Last night PJ and I watched Little Ashes, which stars Robert Pattinson and Javier Beltrán as Salvador Dalí and Federico García Lorca, respectively. The movie follows these men’s relationship from the time they meet at university in Madrid to Lorca’s assassination by the Fascists during the Spanish Civil War. Here’s the trailer:

My response to this movie was rather mixed. On the one hand, I’ll admit up front that I didn’t know much about either Dalí or Lorca before seeing this movie. While my ignorance made the film difficult to follow at times, it also meant that I learned something about these men, which I liked. On the other hand, the movie did little to help someone ignorant like me, which made the film unnecessarily difficult to admire or enjoy. I liked it, but I thought that it could have been a much better film.

Let’s start with the positive. Beltran is especially good in the role of Lorca, and in many ways the film is really about him. He reminds me of a young Antonio Banderas or Javier Bardem. What he brings to the role of Lorca is a great combination of sensitivity and masculinity. I really liked his ability to avoid depicting Lorca’s homosexuality as effeminacy. Too often, gays are simply depicted as mincing would-be women. Beltran’s Lorca is just a poet who happens to like men in general and Dali in particular. He’s very good in this role, and I hope someone like Pedro Almodovar casts him in a big movie soon.

Pattinson is also good as Dali, though his performance suffers from two things. First, he’s now inevitably Robert-Pattinson-the-movie-star rather than just Robert-Pattinson-the -actor. His fame outside of this role tends to overwhelm his performance. In other words, he doesn’t disappear enough into the role for us to forget that we’re watching Robert Pattinson play gay.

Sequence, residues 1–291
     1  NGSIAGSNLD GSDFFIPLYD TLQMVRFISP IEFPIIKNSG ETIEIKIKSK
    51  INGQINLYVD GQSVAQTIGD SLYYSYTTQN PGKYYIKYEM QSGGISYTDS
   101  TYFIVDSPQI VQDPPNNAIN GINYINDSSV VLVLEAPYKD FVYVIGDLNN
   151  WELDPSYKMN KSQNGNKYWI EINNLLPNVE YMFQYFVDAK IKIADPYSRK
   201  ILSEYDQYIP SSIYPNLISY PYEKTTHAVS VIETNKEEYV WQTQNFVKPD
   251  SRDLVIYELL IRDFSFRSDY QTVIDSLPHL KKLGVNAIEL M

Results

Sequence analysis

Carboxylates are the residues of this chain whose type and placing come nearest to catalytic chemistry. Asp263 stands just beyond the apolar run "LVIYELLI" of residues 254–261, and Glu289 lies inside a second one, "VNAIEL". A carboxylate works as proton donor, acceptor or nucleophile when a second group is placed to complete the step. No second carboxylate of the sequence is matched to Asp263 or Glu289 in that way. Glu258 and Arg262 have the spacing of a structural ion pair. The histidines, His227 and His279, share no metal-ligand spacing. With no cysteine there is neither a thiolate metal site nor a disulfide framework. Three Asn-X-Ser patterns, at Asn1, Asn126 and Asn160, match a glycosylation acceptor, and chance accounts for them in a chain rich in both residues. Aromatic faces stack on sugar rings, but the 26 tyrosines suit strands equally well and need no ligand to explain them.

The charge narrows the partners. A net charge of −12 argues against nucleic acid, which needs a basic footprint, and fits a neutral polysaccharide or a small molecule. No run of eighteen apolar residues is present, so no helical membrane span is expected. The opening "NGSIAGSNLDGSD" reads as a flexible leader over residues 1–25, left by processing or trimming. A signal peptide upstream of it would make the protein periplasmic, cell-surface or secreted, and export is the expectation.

Second, his performance suffers as a result of the film’s biggest weakness, the script. It wasn’t until almost the final scene that I realized what the film was trying to say about Dali, that his eccentric (read insane) behavior was really a kind of closeting of his true self, his feelings, and his sexuality. I really like this reading of him, but it really should have been made more of the point of the film earlier. In retrospect, this is what the film is trying to show in the opening scene, in which Dali arrives at the university, but it didn’t follow it up clearly enough, I think, until the end. It’s now clear to me that Pattinson was in on this depiction of Dali and tries to carry it through the whole film, but he just doesn’t have the script to back it up.

My beef against the script is two-fold. First, as I’ve said above, it doesn’t give Pattison enough to work with so that we understand the movie’s take on Dali earlier. Second, and really this is the main criticism I have of the movie, it’s too uninformative at key moments. It felt like the movie was trying to be artistically elliptical, giving us an impressionistic vision of these men’s lives. In that way, it’s trying to be just as artistic as its subjects. But being elliptical is difficult to pull off in a bio-pic. It leaves us with unanswered questions, confuses the audience about the passage of time, and prevents us from getting to know the characters as people. I found it to be an inhibitor to feeling involved in the movie’s plot and love story. Obviously, seeing Lorca’s assassination was affecting, but the climax would have worked better if we cared more about these characters as a group and not just Lorca, who was the only character I felt any sympathy for or understanding of.I blame the script for this.

While reading the wikipedia entry on Little Ashes, I was impressed by the following passage: